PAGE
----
In a recent judgment from the English Patents Court, the scene has been set for what is expected to be an important case for the telecommunications industry. The outcome of the case, which is scheduled to run over the next 18 months, could significantly change the way in which Patent licensing is handled for Standard Essential Patents.
In an action before the English Patents Court, Unwired Planet has alleged infringement by Huawei, Samsung and Google (the defendants) of six European (UK) Patents. The Patents are all in field of telecommunications, five being Standard Essential Patents (SEPs) and one being a non-SEP.
The most recent judgement of Mr Justice Birss, Unwired Planet International v Huawei Technologies Co., Ltd & Ors  EWHC 1029 (Pat), is likely to be of little general interest. However, six trials are now scheduled for this case in which a number of issues relating to SEP licensing obligations, particularly when handled by Patent Assertion Entities (sometimes pejoratively called Patent Trolls), may arise.
Standard Essential Patents (SEPs)
To ensure interoperability of telecommunications equipment, industry stakeholders often work together to set standards for their operation in standardisation bodies such as the European Telecommunications Standards Institute (ETSI). For example, in mobile telecommunications, standards ensure that, regardless of which mobile telephone you own, it will operate correctly on the network of your mobile network operator.
Some Patents in the field of telecommunications relate to standards in such a way that the Patents would inevitably be infringed by a technology operating in accordance with standards. Such Patents are referred to as Standard Essential Patents (SEPs).
There is a clear conflict between SEPs and the requirement for all telecommunications equipment manufacturers and operators to adhere to standards. For example, a company manufacturing a new smartphone for operation on the 4G network must adhere to the 4G standards, but cannot do so without infringing the SEPs relating to 4G standards.
To address this conflict, standardisation bodies have set policies that require all owners of SEPs to declare their SEPs. The owner of the SEPs must then give an undertaking in writing that it is prepared to grant irrevocable licences on Fair, Reasonable And Non-Discriminatory (FRAND) terms. This is referred to as a FRAND obligation and ensures that any company operating according to telecommunications standards can obtain licences from SEP owners on FRAND terms.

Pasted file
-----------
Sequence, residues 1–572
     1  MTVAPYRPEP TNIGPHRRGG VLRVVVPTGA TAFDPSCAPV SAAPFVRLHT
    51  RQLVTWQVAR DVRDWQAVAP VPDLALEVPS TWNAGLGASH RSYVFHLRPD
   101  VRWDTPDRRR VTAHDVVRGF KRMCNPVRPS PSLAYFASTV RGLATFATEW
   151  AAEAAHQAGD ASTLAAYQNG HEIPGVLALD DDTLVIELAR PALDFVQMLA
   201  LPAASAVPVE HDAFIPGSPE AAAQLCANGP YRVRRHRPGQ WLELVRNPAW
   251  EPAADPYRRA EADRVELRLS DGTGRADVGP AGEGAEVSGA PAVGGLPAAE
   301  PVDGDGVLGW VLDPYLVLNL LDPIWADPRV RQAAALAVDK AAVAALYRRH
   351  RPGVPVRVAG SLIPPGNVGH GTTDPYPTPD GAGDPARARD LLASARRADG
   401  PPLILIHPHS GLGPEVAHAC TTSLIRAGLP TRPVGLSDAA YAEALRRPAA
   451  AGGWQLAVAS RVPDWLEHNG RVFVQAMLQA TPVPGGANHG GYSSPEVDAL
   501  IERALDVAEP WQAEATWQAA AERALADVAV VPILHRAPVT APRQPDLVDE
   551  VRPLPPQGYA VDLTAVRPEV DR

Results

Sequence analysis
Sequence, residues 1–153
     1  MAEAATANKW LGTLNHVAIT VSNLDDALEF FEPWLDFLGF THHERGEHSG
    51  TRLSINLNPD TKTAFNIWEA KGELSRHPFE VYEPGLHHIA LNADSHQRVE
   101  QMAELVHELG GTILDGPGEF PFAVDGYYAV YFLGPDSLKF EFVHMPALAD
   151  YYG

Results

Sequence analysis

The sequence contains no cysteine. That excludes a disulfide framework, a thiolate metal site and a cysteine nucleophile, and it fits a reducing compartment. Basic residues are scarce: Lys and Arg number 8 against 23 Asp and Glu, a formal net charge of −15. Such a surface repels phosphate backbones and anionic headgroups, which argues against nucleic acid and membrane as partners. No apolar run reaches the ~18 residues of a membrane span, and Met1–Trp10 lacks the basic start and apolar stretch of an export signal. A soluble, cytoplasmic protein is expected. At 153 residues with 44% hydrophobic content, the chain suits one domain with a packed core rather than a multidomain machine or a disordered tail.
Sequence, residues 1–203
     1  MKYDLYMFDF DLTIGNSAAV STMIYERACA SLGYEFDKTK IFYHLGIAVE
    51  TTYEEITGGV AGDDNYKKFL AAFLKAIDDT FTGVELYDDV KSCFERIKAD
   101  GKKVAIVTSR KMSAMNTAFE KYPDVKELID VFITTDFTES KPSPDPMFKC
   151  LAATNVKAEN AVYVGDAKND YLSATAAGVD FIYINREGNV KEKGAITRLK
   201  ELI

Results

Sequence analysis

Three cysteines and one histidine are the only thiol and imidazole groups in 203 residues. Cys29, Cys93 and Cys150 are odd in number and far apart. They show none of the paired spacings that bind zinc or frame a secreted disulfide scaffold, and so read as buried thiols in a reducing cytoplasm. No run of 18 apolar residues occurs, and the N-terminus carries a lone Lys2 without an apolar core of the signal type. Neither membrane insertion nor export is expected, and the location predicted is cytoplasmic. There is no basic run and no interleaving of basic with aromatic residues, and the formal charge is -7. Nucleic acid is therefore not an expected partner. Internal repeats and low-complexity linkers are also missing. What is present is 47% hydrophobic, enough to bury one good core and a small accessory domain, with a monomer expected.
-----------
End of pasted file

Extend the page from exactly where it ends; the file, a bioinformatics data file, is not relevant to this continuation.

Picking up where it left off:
Facts of the case so far
Unwired Planet has alleged infringement of five SEPs and one non-SEP. They have made two different licensing offers to the defendants:
i) a worldwide licence for all of Unwired Planet’s Patents, including all SEPs and non-SEPs
ii) a worldwide licence for all of Unwired Planet’s SEPs.
Proposition i) was made first. Proposition ii) was made at the request of the defendants for a licensing offer relating only to SEPs. Offering to license a portfolio of different Patents, rather than offering licences on a Patent-by-Patent basis, is a common industry practice for Patent Licensing Entities.
The defendants’ position is that none of the Patents are valid or infringed, but that they are willing to take a licence under any Unwired Planet Patent that is found to be valid and infringed. However, they would not like to take a worldwide licence for a Patent portfolio that also includes other Patents (for example, a portfolio that includes SEPs relating to a different set of standards, unrelated to the defendants’ activities).
Furthermore, the defendants contend that offering only to license an entire worldwide Patent portfolio, rather than offering licences on a Patent-by-Patent basis, breaches FRAND obligations. Questions have also been raised as to whether or not Unwired Planet’s earlier acquisition of the SEPs from Ericsson breaches competition law.
The judgement recently handed down by Mr Justice Birss related to the defendants’ application to terminate the case quickly. Both strike out and summary judgement were refused.
As a result, the case will now proceed to full trial. In order to deal with the complex and multi-dimensional issues, Mr Justice Birss has divided the case into six trials – five technical trials and one non-technical trial. The five technical trials are scheduled to take place between October 2015 and June 2016 and will deal with the infringement and validity of the Patents. The non-technical trial is scheduled to start in October 2016 and will deal with competition law and FRAND.
Points of interest for the future
It is likely that over the course of the scheduled trials, a number of important aspects of FRAND obligations and competition law in the area of SEPs will be considered. In particular, the Court is likely to consider:
i) under what circumstances a transfer of SEPs from one entity to another might breach competition law
ii) whether an offer to license an entire worldwide Patent portfolio having SEPs and non-SEPs fulfils FRAND obligations, especially when a potential licensee requires a licence to some, but not all, of the Patent portfolio
iii) whether an offer to license an entire worldwide Patent portfolio having only SEPs fulfils FRAND obligations, especially when a potential licensee requires a licence to some, but not all, of the Patent portfolio
iv) whether FRAND obligations require SEP owners to offer licences on a Patent-by-Patent basis
The outcome of this case could have a major impact on how SEPs and FRAND licences are handled, particularly by Patent Assertion Entities offering to license worldwide Patent portfolios. This case, along with another similar case currently before Mr Justice Birss (Vringo v ZTE), is therefore likely to be watched with keen interest by the telecommunications industry as a whole.
If you need further information please contact Simon Kahn or your usual Boult Wade Tennant adviser.